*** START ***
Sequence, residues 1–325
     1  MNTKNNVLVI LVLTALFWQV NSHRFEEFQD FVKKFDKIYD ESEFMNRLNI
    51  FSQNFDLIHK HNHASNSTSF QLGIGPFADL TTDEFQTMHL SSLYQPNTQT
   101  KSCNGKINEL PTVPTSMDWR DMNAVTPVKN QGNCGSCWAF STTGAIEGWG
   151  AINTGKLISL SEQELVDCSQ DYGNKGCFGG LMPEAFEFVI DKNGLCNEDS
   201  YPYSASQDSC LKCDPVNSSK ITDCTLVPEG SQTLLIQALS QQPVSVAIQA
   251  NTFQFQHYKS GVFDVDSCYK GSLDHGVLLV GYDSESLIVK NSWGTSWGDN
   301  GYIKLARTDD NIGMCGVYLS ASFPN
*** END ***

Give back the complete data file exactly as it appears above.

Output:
Sequence, residues 1–325
     1  MNTKNNVLVI LVLTALFWQV NSHRFEEFQD FVKKFDKIYD ESEFMNRLNI
    51  FSQNFDLIHK HNHASNSTSF QLGIGPFADL TTDEFQTMHL SSLYQPNTQT
   101  KSCNGKINEL PTVPTSMDWR DMNAVTPVKN QGNCGSCWAF STTGAIEGWG
   151  AINTGKLISL SEQELVDCSQ DYGNKGCFGG LMPEAFEFVI DKNGLCNEDS
   201  YPYSASQDSC LKCDPVNSSK ITDCTLVPEG SQTLLIQALS QQPVSVAIQA
   251  NTFQFQHYKS GVFDVDSCYK GSLDHGVLLV GYDSESLIVK NSWGTSWGDN
   301  GYIKLARTDD NIGMCGVYLS ASFPN